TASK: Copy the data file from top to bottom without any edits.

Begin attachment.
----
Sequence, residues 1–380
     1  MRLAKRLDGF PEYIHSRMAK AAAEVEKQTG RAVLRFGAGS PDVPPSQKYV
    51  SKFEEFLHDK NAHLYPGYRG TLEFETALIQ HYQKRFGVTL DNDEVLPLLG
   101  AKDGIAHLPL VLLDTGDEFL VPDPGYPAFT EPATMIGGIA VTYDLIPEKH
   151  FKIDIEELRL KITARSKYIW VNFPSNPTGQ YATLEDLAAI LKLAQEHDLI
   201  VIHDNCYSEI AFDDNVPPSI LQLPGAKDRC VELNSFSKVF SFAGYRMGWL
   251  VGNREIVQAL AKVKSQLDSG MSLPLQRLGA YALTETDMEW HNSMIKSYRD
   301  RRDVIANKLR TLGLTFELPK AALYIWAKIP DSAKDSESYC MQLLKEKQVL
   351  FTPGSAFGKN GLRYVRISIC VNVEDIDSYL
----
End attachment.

Sequence, residues 1–380
     1  MRLAKRLDGF PEYIHSRMAK AAAEVEKQTG RAVLRFGAGS PDVPPSQKYV
    51  SKFEEFLHDK NAHLYPGYRG TLEFETALIQ HYQKRFGVTL DNDEVLPLLG
   101  AKDGIAHLPL VLLDTGDEFL VPDPGYPAFT EPATMIGGIA VTYDLIPEKH
   151  FKIDIEELRL KITARSKYIW VNFPSNPTGQ YATLEDLAAI LKLAQEHDLI
   201  VIHDNCYSEI AFDDNVPPSI LQLPGAKDRC VELNSFSKVF SFAGYRMGWL
   251  VGNREIVQAL AKVKSQLDSG MSLPLQRLGA YALTETDMEW HNSMIKSYRD
   301  RRDVIANKLR TLGLTFELPK AALYIWAKIP DSAKDSESYC MQLLKEKQVL
   351  FTPGSAFGKN GLRYVRISIC VNVEDIDSYL